As prices for local and imported feed corn hit record highs, the Philippine Association of Feed Millers Inc. (Pafmi) urged the government to review the tariff structure on yellow corn to avoid a larger increase in the cost of production of meat and poultry products. .
In a statement, Pafmi pointed out that the increase in the prices of local and imported feed maize triggers an escalation in the price of feed and the cost of producing meat, poultry products and fish, which should ultimately be passed on to end consumers.
âThe tariffs are supposed to protect local corn growers, but with the large supply shortfall, millers have to import more corn to be able to meet the needs of cattle ranchers. The country’s import of yellow maize is now greater than what is available locally, and has a greater impact on consumer foods, âsaid Pafmi.
With the current tariff structure, corn imported from non-ASEAN (Association of Southeast Asian Nations) countries inflates the Philippines’ import costs to unrealistic levels, Pafmi said, noting that this situation is further exacerbated by the current tight demand for corn in the world market which has driven up prices.
Currently, the country applies tariffs of 5 percent on maize for those from ASEAN member countries, with 35 percent for supply falling under the country’s minimum access volume commitment ( MAV) under the World Trade Organization and 50 percent for imports above the MAV.
At a tariff of 50 percent, imports of feed corn could result in landed costs as high as 30.10 pesos per kilo.
If local corn were available, the price today would only be P21 to P23 per kilo. Last year, before this global corn supply and price crisis hit, local corn averaged just 15.79 pesos per kilo.
Pafmi said the current scarcity of maize allocated for export by ASEAN members as well as the overall high prices are expected to last until 2022, closely monitoring grain supply and movement between countries. .
At the same time, other ASEAN members have already submitted a revision of their tariffs on corn to support their livestock industry, not only to ensure the stability of consumer prices of pork products and poultry, but also to support their livestock export industries.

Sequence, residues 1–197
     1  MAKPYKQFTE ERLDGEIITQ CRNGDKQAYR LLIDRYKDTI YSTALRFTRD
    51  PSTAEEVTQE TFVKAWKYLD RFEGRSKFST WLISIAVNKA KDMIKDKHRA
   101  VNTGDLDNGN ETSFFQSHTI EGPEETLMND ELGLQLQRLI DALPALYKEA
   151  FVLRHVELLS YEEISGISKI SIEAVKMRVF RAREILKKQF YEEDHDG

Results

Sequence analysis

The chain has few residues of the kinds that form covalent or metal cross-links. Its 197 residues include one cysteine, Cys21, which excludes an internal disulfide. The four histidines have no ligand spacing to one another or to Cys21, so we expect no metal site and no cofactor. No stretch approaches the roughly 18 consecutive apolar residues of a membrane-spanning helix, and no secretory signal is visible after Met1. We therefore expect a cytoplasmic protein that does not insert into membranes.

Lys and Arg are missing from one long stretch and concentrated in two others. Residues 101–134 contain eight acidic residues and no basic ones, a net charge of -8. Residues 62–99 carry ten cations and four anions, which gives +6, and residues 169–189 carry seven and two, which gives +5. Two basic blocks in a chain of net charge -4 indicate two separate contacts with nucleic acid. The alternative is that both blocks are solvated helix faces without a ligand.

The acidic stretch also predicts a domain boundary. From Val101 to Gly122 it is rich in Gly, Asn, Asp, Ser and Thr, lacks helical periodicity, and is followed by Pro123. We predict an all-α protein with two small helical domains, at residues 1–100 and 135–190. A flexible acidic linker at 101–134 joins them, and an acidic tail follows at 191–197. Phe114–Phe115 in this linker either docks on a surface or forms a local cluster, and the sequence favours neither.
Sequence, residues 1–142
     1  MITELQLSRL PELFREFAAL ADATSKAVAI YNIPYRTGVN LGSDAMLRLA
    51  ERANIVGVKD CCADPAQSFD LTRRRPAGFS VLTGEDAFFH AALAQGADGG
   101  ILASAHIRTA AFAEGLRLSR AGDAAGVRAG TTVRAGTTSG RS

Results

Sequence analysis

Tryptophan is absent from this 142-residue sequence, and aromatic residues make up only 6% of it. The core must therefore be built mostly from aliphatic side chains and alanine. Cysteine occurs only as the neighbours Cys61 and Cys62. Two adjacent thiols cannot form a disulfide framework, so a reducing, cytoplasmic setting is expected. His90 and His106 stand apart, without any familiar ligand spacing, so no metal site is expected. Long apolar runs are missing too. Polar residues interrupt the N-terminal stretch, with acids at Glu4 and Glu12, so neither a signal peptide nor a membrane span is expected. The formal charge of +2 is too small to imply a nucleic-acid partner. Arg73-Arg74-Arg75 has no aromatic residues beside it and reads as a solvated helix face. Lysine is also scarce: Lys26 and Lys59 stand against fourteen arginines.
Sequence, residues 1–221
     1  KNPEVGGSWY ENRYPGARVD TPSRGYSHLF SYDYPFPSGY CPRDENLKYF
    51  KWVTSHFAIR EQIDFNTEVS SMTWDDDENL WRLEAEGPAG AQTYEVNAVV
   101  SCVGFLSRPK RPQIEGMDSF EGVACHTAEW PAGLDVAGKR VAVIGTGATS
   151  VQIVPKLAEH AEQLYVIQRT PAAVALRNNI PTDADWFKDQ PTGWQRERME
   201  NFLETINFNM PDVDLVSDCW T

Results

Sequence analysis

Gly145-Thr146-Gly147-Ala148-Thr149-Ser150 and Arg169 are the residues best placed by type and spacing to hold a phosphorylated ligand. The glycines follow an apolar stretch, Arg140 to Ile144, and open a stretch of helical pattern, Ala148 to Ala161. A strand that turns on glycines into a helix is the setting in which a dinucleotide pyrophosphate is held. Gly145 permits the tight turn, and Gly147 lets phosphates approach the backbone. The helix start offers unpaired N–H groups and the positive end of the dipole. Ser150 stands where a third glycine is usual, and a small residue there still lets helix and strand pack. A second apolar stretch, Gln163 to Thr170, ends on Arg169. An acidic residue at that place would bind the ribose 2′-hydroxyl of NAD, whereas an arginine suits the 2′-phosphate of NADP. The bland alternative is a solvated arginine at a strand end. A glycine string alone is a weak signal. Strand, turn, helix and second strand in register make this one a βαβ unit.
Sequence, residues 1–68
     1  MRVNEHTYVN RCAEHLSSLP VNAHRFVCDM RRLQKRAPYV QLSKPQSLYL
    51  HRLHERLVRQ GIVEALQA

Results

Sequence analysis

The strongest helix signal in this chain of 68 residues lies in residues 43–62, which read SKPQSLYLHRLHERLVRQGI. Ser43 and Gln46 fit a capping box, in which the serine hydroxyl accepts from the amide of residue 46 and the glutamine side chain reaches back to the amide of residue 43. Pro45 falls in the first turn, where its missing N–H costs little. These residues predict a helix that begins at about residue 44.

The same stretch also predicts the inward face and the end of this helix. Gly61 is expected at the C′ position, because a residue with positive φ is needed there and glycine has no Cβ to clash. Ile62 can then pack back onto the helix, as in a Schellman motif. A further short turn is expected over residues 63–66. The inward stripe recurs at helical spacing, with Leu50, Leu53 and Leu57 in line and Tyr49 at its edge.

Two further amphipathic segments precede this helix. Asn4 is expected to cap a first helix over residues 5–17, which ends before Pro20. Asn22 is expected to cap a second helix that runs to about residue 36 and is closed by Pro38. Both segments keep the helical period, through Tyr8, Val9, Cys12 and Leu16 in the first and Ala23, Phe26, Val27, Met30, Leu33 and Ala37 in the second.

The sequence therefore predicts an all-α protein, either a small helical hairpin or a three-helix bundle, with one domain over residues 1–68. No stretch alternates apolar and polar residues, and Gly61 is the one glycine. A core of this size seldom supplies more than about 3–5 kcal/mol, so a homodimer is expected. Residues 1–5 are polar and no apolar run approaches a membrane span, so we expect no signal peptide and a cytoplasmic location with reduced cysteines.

“Local millers want the country to adopt similar measures and protect Filipino consumers and domestic corn-dependent industries from the negative impact of rising corn prices on the world market,” Pafmi said.
The association further stated that “the Philippines cannot rely solely on supplies from its counterparts in Asean as they are also heavy users of maize.”
Currently, yellow corn accounts for 40 to 60 percent of feed formulation, while animal feed accounts for 60 to 70 percent of the cost of producing meat and poultry products.
According to Pafmi’s calculations, an increase P1 in the price of feed corn per kilo would result in a 3% increase in the cost of producing one kilo of broiler feed, which in turn could lead to an increase in 1% of the cost of growing a broiler chicken. A 3% increase in the cost of producing one kilogram of feed for laying hens could increase the cost of producing an egg by 2%, and a 2% increase in the cost of producing a kilogram of feed. for pigs could increase the cost of raising a pig by 2%. All of this will lead to higher prices for pork, chicken and eggs, according to Pafmi.
Pafmi calls for a long-term solution government that paves the way for a reliable and consistent local corn supply. “The yellow maize value chain could be a major contributor to the country’s economy, while providing maize farmers with better incomes,” he concluded. EIREENE JAIREE GOMEZ